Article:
Construction industry showing "significant improvement" in sentiment and activity since federal election

Tender prices and construction industry confidence are on the rise across the eastern seaboard and in Perth, according to national quantity surveying firm WT Partnership. And, it says, most markets are “showing significant improvement in sentiment and activity over the last three months.’’ 

The firm’s quarterly market report says the change in federal government in September appears to have renewed optimism in the construction sector in most states. “Although both federal and state government spending remains tight, private investment in both building and infrastructure looks set to take up capacity in these sectors,” it says. 

WT Partnership expects tendering nationally to remain tight for the next six-12 months as contractors look to fill their order books into 2014. “The construction market appears to have turned with consultants and contractors expecting improved activity in 2014.”

In most states, WT Partnership offices are finding that large residential projects, especially at the lower end in investment grade and first homebuyer products, are boosting the overall market. This renewed activity is not likely to impact upon residential construction costs overall, however, it is expected that in some trades, labour costs will increase as skill shortages kick in.

Subject to the strength or decline in value of the dollar, WT Partnership is expecting to see national average tender price escalation in 2014 trending below 2.0% with an increase to 2.5% for 2015 and 2016.  Individual state predictions vary widely.  

Highlights from the report include:

New South Wales

“Across NSW, the building industry shows signs of improvement, with housing construction increasing for the first time in three years. Sydney CBD rental markets and residential sales volumes have continued to increase in the quarter,” said Nick Deeks, WT Partnership’s national managing director. He says the planned $30 billion of infrastructure to be completed over the next seven years, supported by the state and federal governments, is buoying sentiment and supporting costs.  Tendering remains competitive.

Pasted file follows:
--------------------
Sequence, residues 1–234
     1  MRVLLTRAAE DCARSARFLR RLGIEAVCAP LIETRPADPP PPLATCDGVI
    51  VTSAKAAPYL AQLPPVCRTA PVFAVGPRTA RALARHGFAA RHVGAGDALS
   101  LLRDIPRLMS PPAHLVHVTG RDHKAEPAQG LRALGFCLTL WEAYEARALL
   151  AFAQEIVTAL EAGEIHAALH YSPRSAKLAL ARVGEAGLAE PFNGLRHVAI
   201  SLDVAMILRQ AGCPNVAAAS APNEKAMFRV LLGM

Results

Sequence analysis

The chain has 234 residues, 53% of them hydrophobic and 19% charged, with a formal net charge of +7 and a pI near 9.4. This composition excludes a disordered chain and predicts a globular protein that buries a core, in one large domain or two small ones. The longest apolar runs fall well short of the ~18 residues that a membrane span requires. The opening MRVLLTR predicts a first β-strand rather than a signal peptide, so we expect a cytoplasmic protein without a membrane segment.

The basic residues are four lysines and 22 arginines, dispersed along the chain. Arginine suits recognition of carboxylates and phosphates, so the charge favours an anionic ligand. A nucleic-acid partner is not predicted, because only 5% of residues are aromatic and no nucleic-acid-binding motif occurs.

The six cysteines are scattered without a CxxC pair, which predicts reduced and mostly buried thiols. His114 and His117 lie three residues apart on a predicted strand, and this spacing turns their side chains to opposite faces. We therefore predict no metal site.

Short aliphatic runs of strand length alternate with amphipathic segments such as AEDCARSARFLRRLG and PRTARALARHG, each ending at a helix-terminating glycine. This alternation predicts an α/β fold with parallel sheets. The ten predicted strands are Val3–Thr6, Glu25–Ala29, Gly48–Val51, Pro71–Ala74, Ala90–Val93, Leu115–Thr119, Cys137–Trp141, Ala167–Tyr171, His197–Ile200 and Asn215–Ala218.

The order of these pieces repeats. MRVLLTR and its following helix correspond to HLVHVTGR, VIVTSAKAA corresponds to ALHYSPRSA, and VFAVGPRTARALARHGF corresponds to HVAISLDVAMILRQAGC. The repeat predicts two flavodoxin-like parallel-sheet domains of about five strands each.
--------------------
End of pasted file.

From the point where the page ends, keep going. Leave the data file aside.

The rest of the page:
“We are projecting average cost escalation of 1.25% for 2013, 3.0% for 2014 and 4.0% for 2015 and 2016.”


“Tender prices are on the move in south-east Queensland with the recent uplift in residential, commercial and retail construction activity. It is likely that the extremely competitive pricing by major builders over recent years will ease and we will see escalation rising from the current 2.0% to 4%-plus per annum in 2015-16,” said Jason Thornley, Queensland director, WT Partnership. 


Confidence in the Victorian construction sector continues to improve as overseas investment in major residential projects continues to boost the market. “The state government’s commitment to a number of major infrastructure projects is improving confidence as engineers and contractors position themselves for demand,” said James Ford, Victorian director, WT Partnership.   


“In the past 24 months Adelaide has had one of the deepest and most rapid falls in construction pricing throughout the country. During last year, tender return prices fell by as much as 20%,” writes Sam Paddick, South Australia director, WT Partnership.  There are some signs that developers are starting to respond to these low levels of pricing, with retail the first to move forward with projects, he said. 

Western Australia

“The continued slowdown in the resources sector in Western Australia, coupled with the recent credit rating downgrade of the state’s finances by Standard and Poor’s, has eroded market confidence,” writes Scott Parrott, WA director, WT Partnership.  ‘’Despite this weakness we still expect strong activity in various sectors over the coming year. Retail investment appears to have gained momentum in WA, with a considerable amount of work being priced or in the pipeline.’’ 

Australian Capital Territory

“In the ACT, following the recent change of government, there is concern over economic conditions and confidence remains suppressed,” writes James Osenton, ACT director, WT Partnership. The contractor environment continues to be lacklustre. 


The Tasmanian economy continues to struggle in the face of dramatic cuts to GST revenue, high unemployment and low population growth, however, recent state and federal government funding announcements have buoyed sentiment in the construction sector.  Tender margins are still extremely tight.

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